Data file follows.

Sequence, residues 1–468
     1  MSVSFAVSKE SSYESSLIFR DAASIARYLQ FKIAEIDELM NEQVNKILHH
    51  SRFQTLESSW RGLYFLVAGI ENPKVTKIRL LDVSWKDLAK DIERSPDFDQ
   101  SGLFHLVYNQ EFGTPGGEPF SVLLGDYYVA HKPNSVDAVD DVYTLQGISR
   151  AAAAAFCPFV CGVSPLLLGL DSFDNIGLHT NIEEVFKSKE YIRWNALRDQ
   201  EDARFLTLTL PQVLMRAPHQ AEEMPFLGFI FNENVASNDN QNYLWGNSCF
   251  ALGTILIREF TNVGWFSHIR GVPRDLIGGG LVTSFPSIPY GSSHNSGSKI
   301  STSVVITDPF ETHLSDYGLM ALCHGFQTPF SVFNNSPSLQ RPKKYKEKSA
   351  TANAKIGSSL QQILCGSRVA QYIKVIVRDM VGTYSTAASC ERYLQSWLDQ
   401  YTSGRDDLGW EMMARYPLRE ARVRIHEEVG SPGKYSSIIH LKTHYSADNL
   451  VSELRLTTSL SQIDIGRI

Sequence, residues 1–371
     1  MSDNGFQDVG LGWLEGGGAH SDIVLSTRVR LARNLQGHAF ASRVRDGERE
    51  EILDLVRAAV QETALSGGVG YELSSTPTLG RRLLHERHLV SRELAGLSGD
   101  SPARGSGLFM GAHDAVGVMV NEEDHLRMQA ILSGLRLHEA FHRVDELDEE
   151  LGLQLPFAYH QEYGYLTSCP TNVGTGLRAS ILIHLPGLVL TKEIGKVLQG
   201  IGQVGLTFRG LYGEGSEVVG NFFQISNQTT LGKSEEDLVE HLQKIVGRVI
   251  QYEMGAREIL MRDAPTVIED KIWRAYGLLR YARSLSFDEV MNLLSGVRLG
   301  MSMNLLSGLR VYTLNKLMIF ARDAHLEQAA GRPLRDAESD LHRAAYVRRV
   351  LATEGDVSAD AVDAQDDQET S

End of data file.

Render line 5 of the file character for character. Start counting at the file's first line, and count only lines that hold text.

   151  AAAAAFCPFV CGVSPLLLGL DSFDNIGLHT NIEEVFKSKE YIRWNALRDQ